Iv felt like picking my crying baby up and shaking her until she stops, all because her reflux went undiagnosed! Iv felt like the most important person alive because my baby knowledge has helped others, but a failure because with my 2nd child I failed to be able to help her!
    Thank goodness for other mommies around me who saw this and came over, day after day, just so I could feel normal again. So I could have a bath if I didn’t quite get around to it!
    At the end of the day, as with us all, I love my precious children so very much! And I am doing the very best I can! Even if my oldest is getting big enough to tell me that I’m a bad mom cos he can’t watch tv all day, I know I’m not!!!

    March 10, 2011 at 10:08 am Reply
  • nickistormdadic

    Honesty. It makes people see that they are not useless or weird. Thank you for sharing this x

    March 10, 2011 at 10:15 am Reply
  • Roz

    No judgement here…just pure and utter adoration for such an honest post. Thank you!
    xxxx

    March 10, 2011 at 10:28 am Reply
  • Tanya Moloney

    No Judgement! Took me over a year to start accepting Im a mom now, I have a 3 year old and a 3 month old and my best support is their daddy, I hand them over and tell him I had enough Im feeling lost in all this mommy business, and I know he wont judge. Us moms should stand together and let new moms know its not always moonshine and roses! But hard and never ending work. But that your love for you children is incredible.

    March 10, 2011 at 11:47 am Reply
  • lauren

    Well done for having the courage to hit “post”! I hope you feel a bit lighter πŸ™‚

    I know of many moms who have gone through what you have blogged about here. Many have landed up in therapy as they felt that they were wrong for feeling that and they didn’t get the support they needed.
    So you rock for acknowledging it! πŸ˜€

    March 10, 2011 at 12:45 pm Reply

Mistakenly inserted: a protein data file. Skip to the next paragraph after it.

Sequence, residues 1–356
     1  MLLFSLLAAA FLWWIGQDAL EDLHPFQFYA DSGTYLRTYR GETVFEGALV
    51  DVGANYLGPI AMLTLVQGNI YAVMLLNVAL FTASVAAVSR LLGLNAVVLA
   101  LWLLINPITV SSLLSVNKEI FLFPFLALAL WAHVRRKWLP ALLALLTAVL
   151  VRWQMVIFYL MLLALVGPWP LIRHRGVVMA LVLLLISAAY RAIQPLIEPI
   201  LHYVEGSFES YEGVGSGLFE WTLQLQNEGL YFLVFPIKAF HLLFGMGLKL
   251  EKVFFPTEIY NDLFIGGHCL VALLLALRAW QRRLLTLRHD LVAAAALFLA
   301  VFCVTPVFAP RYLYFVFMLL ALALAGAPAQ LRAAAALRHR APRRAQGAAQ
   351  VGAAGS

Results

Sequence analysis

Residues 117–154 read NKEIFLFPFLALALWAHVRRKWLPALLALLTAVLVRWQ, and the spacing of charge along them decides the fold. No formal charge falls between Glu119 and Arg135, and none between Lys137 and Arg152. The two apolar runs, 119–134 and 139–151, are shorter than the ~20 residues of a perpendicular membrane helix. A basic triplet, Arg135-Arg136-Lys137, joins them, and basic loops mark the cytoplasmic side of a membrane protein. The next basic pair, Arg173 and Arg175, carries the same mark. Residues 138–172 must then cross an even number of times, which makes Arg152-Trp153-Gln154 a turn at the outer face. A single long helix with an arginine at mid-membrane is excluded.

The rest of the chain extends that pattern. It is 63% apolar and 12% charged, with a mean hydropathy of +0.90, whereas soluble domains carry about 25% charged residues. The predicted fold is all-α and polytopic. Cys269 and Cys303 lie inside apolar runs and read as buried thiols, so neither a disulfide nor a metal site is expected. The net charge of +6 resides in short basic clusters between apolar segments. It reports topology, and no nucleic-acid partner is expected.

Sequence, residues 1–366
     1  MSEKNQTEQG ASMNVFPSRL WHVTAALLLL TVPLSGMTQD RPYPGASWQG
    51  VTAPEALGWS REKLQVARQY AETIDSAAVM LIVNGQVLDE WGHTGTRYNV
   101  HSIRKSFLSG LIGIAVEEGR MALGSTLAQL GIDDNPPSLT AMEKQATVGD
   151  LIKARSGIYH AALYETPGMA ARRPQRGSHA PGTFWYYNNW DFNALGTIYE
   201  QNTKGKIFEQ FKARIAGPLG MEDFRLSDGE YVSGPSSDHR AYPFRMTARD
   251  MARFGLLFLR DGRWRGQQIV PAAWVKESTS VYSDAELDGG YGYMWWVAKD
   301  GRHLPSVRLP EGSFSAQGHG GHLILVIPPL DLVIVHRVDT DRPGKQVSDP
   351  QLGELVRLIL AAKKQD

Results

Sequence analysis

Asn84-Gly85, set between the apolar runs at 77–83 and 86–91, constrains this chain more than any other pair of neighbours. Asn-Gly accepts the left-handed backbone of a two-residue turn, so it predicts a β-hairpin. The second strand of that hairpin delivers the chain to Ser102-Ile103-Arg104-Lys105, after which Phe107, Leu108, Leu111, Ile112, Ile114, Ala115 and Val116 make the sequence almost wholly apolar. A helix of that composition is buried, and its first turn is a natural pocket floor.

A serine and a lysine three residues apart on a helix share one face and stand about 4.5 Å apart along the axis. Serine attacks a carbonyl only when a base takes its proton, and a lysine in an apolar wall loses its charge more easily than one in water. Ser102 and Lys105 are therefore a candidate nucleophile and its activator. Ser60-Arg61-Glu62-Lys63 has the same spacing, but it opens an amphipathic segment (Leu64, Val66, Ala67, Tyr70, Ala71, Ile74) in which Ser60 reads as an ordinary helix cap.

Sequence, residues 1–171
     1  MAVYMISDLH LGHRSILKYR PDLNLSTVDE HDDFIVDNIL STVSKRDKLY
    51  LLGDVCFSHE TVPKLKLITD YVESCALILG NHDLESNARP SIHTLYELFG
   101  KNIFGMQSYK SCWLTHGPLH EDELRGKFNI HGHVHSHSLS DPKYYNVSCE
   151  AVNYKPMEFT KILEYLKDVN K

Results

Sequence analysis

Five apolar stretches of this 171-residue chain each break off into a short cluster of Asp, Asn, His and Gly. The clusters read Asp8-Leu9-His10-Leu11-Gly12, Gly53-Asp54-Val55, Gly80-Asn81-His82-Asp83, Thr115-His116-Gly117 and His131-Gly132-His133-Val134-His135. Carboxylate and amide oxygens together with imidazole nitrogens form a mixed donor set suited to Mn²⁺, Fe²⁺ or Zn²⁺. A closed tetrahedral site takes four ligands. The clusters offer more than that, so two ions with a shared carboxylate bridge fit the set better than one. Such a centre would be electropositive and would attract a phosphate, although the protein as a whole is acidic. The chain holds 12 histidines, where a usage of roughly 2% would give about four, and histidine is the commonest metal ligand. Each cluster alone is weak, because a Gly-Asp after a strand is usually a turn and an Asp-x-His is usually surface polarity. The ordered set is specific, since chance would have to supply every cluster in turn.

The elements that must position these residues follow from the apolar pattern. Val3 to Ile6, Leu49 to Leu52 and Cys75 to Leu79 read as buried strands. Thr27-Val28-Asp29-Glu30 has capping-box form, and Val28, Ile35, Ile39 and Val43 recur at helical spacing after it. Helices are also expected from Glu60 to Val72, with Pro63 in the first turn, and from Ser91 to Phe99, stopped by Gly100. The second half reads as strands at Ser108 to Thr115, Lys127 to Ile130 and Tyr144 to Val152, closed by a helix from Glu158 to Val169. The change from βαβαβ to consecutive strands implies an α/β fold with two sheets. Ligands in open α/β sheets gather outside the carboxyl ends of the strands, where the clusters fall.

• samcy

    Raw honestly tempered with the love you feel for Max.

    Thank you for always being honest and upfront. It’s good to know that you can love your child completely but not the act of mothering per say… I am also pleased to hear that this is a situation that DOES change with time and experience.

    You’re a great Mom T, even when you did not necessarily feel like being so…

    xxx

    March 10, 2011 at 1:42 pm Reply
  • Invivo

    http://www.youtube.com/watch?v=2eKGsHge9NU

    I say no more…

    March 10, 2011 at 3:39 pm Reply
  • Alon Abadi

    I wonder
    Is there any place for living without “supposed to be’s” I mean every single experience is a little different. Every moment is unique and shouldn’t be judged, it is what it is.
    I also wonder ( Dont shoot me ) if giving birth without pain medication makes one appreciate/manage (not love ) the whole role of motherhood more?
    ie you have suffered so greatly that naturally the bond is strengthened?
    My wife gave birth 4 times this way out of choice and It was shear hell for her. And thank God never had these feelings

    March 10, 2011 at 8:05 pm Reply
  • Justine

    Well done Tan, you are so so brave.

    Proud of you!

    March 11, 2011 at 10:42 am Reply
  • Karen

    Wow. So nice that for once this is an issue that’s not being whispered like a dark secret to you very closest friend. It is amazing that for every time I have mentioned this to another Mom, they have responded with the same response. (Except for one or two and I wonder if they were just too nervous to admit the truth??)

    March 11, 2011 at 11:39 am Reply
  • Charlie

    Thank you for writing exactly what I couldn’t put into words myself – I loved my daughter, but I didn’t love motherhood.

    March 18, 2011 at 11:19 pm Reply